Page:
Help for Loss and Grief
Loss is hard enough. On top of that experience, grief is often complicated in the symptoms we struggle with, the waves of different emotions and memories, the sudden dips and many other facets.
Complexities also are seen in our relationship with the individual, how we lost them, what they mean to us, as well as supports we had or did not have after losing them. Losing someone suddenly, losing someone to a terrible illness over years, losing someone to suicide, substance abuse, old age, or any reason can have a different impact on us and is also unique for everyone.
While we cannot replace that hole you might feel, we can help build walls of reinforcement around it over time, and work through the complexities of grief with you. Many times people are isolated due to the nature of the loss, people’s discomfort or inexperience with loss, or to the fact that people rush in to help in the weeks after a death (when we are likely in a bubble of denial, depression, or confusion among other things) and then may drift away.
Even if you have a good support system in place and someone willing to talk about it with you, sometimes you may feel you are somehow burdening them or you may also not feel like talking about it and just want someone to sit quietly with you or do others things together while they know it is there in your heart .
Additionally while people mean well, they do not usually ‘get it’ unless they have gone through it and even then your experience with loss is unique to you. You might hear things like “at least it was fast”, “at least you had time to say goodbye”, “at least they lived a long time, “at least they did not have to age”, “at least you had the time you had with them and a lot of love”, at least, at least, at least. These statements while aimed to help often do not acknowledge the pain of loss.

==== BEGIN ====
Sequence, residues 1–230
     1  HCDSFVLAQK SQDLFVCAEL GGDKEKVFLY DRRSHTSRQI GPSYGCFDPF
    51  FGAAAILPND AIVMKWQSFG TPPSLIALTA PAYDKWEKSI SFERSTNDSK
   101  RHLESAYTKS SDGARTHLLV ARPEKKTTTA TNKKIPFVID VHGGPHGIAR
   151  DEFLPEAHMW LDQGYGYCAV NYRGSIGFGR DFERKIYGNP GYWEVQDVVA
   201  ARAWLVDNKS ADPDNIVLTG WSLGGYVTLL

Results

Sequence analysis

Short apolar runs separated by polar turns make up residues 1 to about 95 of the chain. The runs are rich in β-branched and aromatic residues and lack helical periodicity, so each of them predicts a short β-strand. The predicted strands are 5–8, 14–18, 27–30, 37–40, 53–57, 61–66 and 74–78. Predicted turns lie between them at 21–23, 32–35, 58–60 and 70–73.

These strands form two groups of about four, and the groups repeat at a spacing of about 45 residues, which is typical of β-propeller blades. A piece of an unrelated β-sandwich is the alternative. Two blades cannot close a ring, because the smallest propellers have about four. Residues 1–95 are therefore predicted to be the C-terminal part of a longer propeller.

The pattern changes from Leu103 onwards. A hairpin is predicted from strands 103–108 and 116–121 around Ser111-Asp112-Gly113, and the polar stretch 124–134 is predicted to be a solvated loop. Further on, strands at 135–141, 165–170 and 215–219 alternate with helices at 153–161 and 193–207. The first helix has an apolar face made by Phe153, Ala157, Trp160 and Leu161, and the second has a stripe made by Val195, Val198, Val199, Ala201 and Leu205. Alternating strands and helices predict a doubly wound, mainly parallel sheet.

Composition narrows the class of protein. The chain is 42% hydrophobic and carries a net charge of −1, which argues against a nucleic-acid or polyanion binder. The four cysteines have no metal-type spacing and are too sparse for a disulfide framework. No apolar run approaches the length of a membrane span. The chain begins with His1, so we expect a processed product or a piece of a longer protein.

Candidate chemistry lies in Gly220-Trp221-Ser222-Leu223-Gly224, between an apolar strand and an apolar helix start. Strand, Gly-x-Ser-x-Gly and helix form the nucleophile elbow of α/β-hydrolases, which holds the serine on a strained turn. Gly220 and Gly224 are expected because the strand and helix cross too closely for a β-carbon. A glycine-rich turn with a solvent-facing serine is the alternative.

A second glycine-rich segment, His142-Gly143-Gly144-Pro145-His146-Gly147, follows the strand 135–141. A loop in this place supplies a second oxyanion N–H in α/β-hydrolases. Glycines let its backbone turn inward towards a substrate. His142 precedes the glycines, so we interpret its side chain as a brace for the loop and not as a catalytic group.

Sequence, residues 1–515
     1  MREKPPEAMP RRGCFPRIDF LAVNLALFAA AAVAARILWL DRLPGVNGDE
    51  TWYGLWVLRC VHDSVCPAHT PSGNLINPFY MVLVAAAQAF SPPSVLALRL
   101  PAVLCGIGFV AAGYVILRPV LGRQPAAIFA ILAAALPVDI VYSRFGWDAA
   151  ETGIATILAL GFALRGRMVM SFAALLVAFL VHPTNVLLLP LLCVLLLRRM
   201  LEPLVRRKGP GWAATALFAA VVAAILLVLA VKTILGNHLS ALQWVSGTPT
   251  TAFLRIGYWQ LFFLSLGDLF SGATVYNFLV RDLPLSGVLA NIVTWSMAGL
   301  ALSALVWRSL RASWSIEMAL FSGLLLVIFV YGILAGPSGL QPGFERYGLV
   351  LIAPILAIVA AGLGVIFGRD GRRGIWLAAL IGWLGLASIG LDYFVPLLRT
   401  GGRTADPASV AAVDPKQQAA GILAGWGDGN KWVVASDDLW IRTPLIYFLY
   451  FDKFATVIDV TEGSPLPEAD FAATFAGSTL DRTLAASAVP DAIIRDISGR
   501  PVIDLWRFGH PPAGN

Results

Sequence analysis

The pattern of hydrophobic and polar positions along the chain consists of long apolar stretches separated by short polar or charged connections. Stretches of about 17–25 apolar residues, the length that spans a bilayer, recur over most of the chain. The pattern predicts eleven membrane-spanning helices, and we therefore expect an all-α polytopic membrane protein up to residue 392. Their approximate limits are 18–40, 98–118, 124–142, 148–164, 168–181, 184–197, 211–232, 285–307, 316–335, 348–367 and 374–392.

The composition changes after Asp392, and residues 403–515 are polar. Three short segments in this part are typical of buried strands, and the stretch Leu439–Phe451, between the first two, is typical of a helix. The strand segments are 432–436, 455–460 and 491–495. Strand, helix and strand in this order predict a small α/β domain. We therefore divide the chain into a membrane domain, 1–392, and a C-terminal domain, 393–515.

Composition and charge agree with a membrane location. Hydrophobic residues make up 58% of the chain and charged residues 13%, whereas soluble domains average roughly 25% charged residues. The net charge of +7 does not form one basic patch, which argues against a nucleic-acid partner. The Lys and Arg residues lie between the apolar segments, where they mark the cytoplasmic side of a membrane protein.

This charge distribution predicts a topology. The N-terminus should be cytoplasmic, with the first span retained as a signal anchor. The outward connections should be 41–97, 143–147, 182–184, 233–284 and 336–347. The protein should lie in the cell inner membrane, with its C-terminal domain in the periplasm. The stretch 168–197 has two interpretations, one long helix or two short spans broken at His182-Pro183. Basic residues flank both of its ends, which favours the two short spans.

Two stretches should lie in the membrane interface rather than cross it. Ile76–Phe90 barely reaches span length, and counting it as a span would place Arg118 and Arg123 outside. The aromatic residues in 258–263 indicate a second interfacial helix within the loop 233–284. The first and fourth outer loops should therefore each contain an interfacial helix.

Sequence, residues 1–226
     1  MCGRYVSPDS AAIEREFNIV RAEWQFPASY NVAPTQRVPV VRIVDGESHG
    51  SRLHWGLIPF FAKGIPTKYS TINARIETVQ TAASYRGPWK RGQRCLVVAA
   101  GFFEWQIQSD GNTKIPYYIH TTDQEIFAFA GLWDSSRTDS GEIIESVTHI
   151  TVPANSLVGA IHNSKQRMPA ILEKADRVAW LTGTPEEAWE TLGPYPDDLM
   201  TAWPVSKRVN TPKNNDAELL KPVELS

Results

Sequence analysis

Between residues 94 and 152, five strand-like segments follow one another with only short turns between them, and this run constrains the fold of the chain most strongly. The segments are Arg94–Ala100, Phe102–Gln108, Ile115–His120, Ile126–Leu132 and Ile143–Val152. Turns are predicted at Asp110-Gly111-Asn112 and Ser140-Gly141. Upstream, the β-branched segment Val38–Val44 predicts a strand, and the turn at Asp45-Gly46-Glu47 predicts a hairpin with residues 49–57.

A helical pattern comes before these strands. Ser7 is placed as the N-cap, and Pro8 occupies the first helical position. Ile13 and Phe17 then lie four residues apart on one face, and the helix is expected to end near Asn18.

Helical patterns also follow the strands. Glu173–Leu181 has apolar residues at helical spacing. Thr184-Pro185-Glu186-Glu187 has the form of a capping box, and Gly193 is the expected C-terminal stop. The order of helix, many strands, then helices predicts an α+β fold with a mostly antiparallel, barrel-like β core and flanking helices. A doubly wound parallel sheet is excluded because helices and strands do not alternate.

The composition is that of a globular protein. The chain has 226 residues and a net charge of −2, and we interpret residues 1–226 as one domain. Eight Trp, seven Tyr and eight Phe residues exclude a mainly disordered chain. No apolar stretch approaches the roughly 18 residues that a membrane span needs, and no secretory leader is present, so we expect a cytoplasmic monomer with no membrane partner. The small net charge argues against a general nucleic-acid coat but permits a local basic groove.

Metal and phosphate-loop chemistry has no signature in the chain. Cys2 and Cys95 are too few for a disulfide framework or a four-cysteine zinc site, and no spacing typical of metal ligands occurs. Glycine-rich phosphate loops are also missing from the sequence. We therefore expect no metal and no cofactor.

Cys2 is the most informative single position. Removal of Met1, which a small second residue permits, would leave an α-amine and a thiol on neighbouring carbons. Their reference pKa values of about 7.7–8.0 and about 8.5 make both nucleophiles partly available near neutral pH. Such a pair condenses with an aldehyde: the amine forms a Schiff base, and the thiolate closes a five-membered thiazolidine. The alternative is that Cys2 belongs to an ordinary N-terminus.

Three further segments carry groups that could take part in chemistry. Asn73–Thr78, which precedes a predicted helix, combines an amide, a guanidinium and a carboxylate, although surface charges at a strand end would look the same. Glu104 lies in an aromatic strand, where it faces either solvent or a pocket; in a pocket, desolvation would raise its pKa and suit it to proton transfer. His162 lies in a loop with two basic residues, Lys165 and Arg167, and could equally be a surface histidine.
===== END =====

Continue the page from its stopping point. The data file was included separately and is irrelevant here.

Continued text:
You may also experience people telling you how to grieve, that you might want to start moving on, that you are moving on too fast, that you should not hold on to their personal belongings too long, that you should just act like everything is normal, that you are not crying enough or too much, etc.
We are here to listen, to respect your relationship (all aspects – not just the parts of them people tend to idealize after a death) with the person you lost, to allow you to grieve, and to help you work through the emotions, symptoms you may be experiencing, and develop coping skills as well as a support system.
If loss and grief are negatively affecting your life or you just want to talk it out, we are here. Therapy is successful in treating symptoms, whether it is used on its own or along with medication management by a psychiatrist or nurse practitioner. You are already making progress by reading this and seeking help which is difficult enough to do while grieving. Take another step and contact us for help.